Awaiting Another Kondopoga

By Nabi Abdullaev – Staff Writer

St Petersburg Times
September 19, 2006

MOSCOW – Stoking fears of escalating xenophobia, a man died in a
brawl involving ethnic Armenians in the Saratov region last week and
three people were hospitalized after an attack on an anti-migration
rally in St. Petersburg on Sunday (see story, this page).State Duma
deputies sounded the alarm about a surge in violence. But they also
approved legislation that would increase penalties for those who
employ illegal migrants – a populist vote, critics said, that tapped
into widespread xenophobia.

The country is on edge after clashes and riots targeting Chechens in
the Karelian town of Kondopoga killed two people earlier this month.

Local residents clashed with four ethnic Armenians in a cafe in the
town of Volsk on Sept. 10, Saratov regional police said Friday. Three
ethnic Russians suffered knife wounds, and one later died in the

Police and the local Armenian diaspora downplayed suggestions that
the fight was racially motivated. But Ekho Moskvy radio reported the
fight was followed the next day by an attack on ethnic Armenians at a
Volsk technical college that injured one student. Police denied the
report and said two ethnic Armenians involved in the cafe fight had
been placed on a national wanted list.

On Sunday, masked people attacked a rally by the radical Movement
Against Illegal Immigration in St. Petersburg, sparking a fight that
led to three people being hospitalized, Interfax reported.

About 30 activists were attending the rally to demand the expulsion
of Caucasus natives from Kondopoga, where people raided and destroyed
small businesses run by Caucasus natives after two locals were stabbed
to death in a fight with Chechen migrants.

The Movement Against Illegal Immigration also organized a
rally Thursday in Moscow to protest Caucasus natives in Russian
universities. Police tried to prevent the rally by detaining about
200 young men near the Dobryninskaya metro station.

Also Thursday, several dozen young men, some of them described by
witnesses as skinheads, participated in a fight inside the Oktyabrskaya
metro station. No one was detained.

In the Duma on Friday, nationalist Liberal Democratic Party Deputy
Sergei Ivanov likened the situation around the Moscow rally and metro
fight to that in Kondopoga. He said many of those detained at the
rally were carrying knives. As for the metro fight, Ivanov said,
"This was not a routine clash, and it happened in the capital,"
Interfax reported.

United Russia Deputy Alexander Khinshtein deplored a clash between
Chechen youths and police in the city of Saratov on Aug. 29 that
killed one officer and injured three others.

"Police are afraid to bring these people to justice," he said,
accusing the youths of being "closely related to the Chechen
authorities." The fight occurred after the officers quarreled with
three Chechen youths in a cafe, Saratov press reported. The three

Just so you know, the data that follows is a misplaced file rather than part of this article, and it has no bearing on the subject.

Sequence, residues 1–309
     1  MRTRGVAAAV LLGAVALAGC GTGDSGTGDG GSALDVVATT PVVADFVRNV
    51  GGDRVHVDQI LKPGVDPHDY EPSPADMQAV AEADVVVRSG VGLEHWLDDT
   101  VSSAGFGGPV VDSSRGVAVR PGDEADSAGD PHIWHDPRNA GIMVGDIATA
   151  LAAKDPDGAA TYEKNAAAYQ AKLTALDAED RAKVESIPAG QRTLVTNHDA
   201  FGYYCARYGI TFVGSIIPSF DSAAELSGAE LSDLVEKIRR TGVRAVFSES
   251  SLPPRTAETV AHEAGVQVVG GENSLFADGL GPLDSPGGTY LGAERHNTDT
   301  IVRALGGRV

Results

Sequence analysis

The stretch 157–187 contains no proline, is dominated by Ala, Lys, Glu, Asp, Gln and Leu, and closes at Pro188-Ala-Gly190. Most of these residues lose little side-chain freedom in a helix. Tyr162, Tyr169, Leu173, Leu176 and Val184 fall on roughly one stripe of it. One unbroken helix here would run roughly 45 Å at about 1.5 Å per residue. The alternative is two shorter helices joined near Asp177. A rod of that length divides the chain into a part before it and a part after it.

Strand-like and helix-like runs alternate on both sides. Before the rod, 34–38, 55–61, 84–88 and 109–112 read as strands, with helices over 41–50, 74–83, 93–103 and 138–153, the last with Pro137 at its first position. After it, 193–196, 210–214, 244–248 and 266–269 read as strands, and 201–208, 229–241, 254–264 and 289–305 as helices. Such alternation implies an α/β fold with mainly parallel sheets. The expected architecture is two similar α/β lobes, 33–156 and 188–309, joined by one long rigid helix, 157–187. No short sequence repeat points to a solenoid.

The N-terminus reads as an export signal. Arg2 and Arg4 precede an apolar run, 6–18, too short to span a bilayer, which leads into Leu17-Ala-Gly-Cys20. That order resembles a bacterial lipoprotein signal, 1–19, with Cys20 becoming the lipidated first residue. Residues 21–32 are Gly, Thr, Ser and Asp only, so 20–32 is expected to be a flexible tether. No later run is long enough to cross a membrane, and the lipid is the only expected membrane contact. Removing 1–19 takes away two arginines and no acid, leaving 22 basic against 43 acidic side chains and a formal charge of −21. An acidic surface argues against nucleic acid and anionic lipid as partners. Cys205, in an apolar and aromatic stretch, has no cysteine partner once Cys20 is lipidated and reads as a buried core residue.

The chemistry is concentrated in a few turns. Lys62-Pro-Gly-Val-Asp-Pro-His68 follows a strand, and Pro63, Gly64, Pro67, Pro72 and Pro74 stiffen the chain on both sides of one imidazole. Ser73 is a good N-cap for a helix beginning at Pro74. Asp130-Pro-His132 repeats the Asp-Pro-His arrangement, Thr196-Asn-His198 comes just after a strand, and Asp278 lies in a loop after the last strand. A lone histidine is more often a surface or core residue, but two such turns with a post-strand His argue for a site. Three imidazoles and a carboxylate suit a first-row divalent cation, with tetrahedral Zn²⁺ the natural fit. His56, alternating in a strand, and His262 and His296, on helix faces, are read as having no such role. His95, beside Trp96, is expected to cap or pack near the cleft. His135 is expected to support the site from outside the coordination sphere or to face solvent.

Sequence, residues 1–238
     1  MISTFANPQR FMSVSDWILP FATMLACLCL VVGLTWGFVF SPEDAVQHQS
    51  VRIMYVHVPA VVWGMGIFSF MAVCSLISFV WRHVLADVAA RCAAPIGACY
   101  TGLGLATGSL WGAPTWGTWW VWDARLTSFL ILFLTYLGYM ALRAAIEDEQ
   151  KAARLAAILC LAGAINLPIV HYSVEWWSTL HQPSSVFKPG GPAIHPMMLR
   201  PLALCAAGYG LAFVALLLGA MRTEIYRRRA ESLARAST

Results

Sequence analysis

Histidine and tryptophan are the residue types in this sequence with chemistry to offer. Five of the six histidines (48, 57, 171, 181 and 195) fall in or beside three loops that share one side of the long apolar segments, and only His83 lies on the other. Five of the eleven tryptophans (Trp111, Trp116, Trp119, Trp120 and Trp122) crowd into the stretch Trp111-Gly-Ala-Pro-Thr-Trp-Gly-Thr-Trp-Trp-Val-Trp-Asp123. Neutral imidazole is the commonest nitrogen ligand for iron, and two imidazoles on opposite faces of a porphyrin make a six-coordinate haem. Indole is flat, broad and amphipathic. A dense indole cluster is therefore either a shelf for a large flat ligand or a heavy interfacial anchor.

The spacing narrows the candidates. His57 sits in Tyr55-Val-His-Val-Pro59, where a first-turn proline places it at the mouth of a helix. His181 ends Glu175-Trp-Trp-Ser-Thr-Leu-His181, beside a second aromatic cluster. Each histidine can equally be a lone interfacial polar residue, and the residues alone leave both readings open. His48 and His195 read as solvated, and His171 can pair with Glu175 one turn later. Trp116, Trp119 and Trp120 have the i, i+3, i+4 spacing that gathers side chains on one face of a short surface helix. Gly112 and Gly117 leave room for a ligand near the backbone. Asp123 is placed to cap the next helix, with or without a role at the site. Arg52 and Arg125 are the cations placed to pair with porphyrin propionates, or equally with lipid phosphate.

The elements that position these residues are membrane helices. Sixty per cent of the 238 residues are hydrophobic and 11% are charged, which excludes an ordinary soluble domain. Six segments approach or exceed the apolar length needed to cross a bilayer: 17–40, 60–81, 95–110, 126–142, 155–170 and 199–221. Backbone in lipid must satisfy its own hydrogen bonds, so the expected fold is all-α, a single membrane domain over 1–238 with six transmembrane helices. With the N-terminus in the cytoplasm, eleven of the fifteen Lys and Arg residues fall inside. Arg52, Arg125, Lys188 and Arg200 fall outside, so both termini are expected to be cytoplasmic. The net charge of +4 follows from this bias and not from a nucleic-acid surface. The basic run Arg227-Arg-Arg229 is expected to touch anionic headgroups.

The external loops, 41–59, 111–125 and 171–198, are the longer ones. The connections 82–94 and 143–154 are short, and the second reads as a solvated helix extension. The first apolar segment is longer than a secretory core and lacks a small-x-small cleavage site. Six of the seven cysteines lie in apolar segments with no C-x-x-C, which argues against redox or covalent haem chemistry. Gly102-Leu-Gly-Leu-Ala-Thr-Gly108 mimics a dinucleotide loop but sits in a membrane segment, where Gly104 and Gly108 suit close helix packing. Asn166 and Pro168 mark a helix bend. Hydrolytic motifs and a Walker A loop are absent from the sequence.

left the cafe and later returned with a dozen friends, armed with
knives and baseball bats. Three suspects have been detained.

Several nationalist web sites reported Friday that revenge attacks were
being carried out in Volsk after the Sept. 10 fight. A spokesman for
the Saratov regional police, Alexei Yegorov, said police were worried
and had dispatched more street patrols in Volsk. But he denied any
escalation in ethnic tensions. "There have not been any pogroms in
Volsk after that drunken brawl, no friction whatsoever between the
locals and members of the Caucasus diaspora," he said.

Araik Kosyan, vice president of KRUNK, the biggest Armenian diaspora
organization in the region, said he was not aware of any revenge
attacks. "I’ve talked to representatives of other diasporas, the
Azeris and the Chechens, and they also do not confirm any attacks
against their people," he said.

Politicians might be overreacting to incidents involving Caucasus
natives after Kondopoga, said Boris Makarenko, an analyst with the
Center for Political Technologies. "Now the voices of the ‘hawks’
will be much better received by the public than those of sober-minded
politicians and media," he said.

The public seems to be ready for ethnic violence: Over 57 percent of
Russians believe violence could break out in their towns, according to
a survey this month by the state-controlled VTsIOM pollster. Russians’
belief that their town could be affected grew in proportion with the
size of the town, reaching 89 percent in Moscow and St. Petersburg.

Human rights activists said the authorities needed to intervene
to prevent routine clashes from escalating into Kondopoga-style
violence. "Authorities need to state clearly that any calls to expel
natives of the Caucasus will never be met because they are against the
law," said Galina Kozhevnikova of Sova, which tracks ethnic violence.

Alexei Mukhin, an analyst with the Center of Political Information,
suggested that the flare-up in xenophobia might be used by the
government to push through stricter anti-migrant laws.

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